h project is using two specially designed coils at PNNL's Marine Sciences Laboratory. The coils, called Helmholtz coils, each consist of about 200 pounds of copper wiring wrapped into a window frame-like outline that's roughly five feet by five feet. The wiring carries electricity at the flip of a switch. Like any electricity, this creates an electromagnetic field that naturally attracts magnetic materials like iron. The field around the electrical coil can create between 0.1 and 3 milliTeslas of magnetic flux. Three milliTeslas is about three-tenths the magnetic flux of a typical small bar magnet. Previous research into how electromagnetic fields affect marine animals has been in the 3 to 5 milliTesla range.
Researchers want to know if the electromagnetic field will also affect marine and estuarine animal behavior, including migration, finding food and avoiding predators. Several aquatic animals such as sharks, skates, salmon, sea turtles and lobsters - may use the Earth's natural magnetic fields like a compass to navigate and detect their prey.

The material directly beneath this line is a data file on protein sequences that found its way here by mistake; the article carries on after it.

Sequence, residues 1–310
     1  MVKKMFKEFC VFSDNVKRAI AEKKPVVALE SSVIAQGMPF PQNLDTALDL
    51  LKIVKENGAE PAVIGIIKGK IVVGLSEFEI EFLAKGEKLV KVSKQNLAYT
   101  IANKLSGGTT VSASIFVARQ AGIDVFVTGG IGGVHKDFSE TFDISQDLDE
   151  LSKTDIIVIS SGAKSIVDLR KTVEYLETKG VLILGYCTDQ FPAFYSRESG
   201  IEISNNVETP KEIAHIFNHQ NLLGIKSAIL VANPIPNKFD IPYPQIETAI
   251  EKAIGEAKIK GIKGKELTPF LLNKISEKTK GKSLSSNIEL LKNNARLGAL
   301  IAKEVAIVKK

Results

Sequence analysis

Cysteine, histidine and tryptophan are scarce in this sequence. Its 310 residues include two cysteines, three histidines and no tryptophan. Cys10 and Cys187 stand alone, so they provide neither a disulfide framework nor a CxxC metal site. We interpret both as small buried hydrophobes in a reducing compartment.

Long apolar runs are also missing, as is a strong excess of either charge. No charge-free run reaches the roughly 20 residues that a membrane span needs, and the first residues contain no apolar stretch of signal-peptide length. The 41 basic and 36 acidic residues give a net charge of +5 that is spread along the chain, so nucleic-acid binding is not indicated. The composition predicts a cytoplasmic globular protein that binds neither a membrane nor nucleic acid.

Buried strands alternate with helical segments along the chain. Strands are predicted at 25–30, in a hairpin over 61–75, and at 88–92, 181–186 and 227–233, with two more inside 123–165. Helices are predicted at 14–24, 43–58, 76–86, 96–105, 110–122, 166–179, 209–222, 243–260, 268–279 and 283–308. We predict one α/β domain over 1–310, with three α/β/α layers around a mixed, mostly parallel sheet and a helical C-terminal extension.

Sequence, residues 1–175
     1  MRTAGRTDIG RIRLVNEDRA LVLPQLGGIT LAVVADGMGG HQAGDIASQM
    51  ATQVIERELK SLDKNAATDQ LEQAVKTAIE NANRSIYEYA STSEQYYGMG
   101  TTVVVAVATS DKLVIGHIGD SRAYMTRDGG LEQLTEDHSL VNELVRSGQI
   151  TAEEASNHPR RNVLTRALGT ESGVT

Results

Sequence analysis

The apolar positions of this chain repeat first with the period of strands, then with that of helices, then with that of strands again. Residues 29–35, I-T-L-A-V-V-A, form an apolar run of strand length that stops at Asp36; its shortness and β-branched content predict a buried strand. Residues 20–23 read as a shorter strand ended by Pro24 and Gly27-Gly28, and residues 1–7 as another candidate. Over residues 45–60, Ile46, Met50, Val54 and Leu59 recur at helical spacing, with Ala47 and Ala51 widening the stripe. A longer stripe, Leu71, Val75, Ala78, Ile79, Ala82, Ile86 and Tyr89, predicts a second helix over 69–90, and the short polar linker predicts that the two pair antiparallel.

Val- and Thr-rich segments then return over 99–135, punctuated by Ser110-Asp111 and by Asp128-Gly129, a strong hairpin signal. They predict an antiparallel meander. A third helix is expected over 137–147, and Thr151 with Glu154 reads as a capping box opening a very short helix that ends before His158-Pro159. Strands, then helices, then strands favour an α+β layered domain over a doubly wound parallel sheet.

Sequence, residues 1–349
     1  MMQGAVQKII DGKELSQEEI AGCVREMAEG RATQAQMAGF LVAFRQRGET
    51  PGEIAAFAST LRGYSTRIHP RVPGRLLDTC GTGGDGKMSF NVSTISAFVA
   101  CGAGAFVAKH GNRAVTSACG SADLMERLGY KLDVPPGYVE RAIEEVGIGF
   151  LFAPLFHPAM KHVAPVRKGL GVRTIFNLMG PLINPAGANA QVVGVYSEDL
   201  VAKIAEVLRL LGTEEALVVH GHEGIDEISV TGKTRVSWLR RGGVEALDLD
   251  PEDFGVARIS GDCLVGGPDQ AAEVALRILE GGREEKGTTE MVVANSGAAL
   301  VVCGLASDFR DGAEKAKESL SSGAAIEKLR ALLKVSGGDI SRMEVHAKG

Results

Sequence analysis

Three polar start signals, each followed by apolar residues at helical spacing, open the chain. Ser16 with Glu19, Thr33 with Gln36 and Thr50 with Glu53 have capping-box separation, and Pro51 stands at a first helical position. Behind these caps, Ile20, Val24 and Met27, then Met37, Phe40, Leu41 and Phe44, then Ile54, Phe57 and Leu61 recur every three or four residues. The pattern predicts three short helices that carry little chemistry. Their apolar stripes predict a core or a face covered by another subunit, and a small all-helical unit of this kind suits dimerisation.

To test the field's potential effects, aquarium tanks filled with marine species are being placed near the two coils. Then researchers will activate the electromagnetic field at various strengths and time periods to see if the animals' actions change.
For example, researchers will observe whether the electromagnetic field interferes with the ability of juvenile Coho salmon to recognize and avoid predators. Young salmon normally stop swimming, go low and stay still when they detect a predator. Also, the scientists will examine whether the typically fast, flicking movements of Dungeness crab antennules the small antennae next to crabs' eyes that help them detect odors change when exposed to the electromagnetic field. And researchers will document whether the animals are attracted or repelled by the fields.
"We really don't know if the animals will be affected or not," Ward said. "There'sPage: 1 2 3 Related biology news :1
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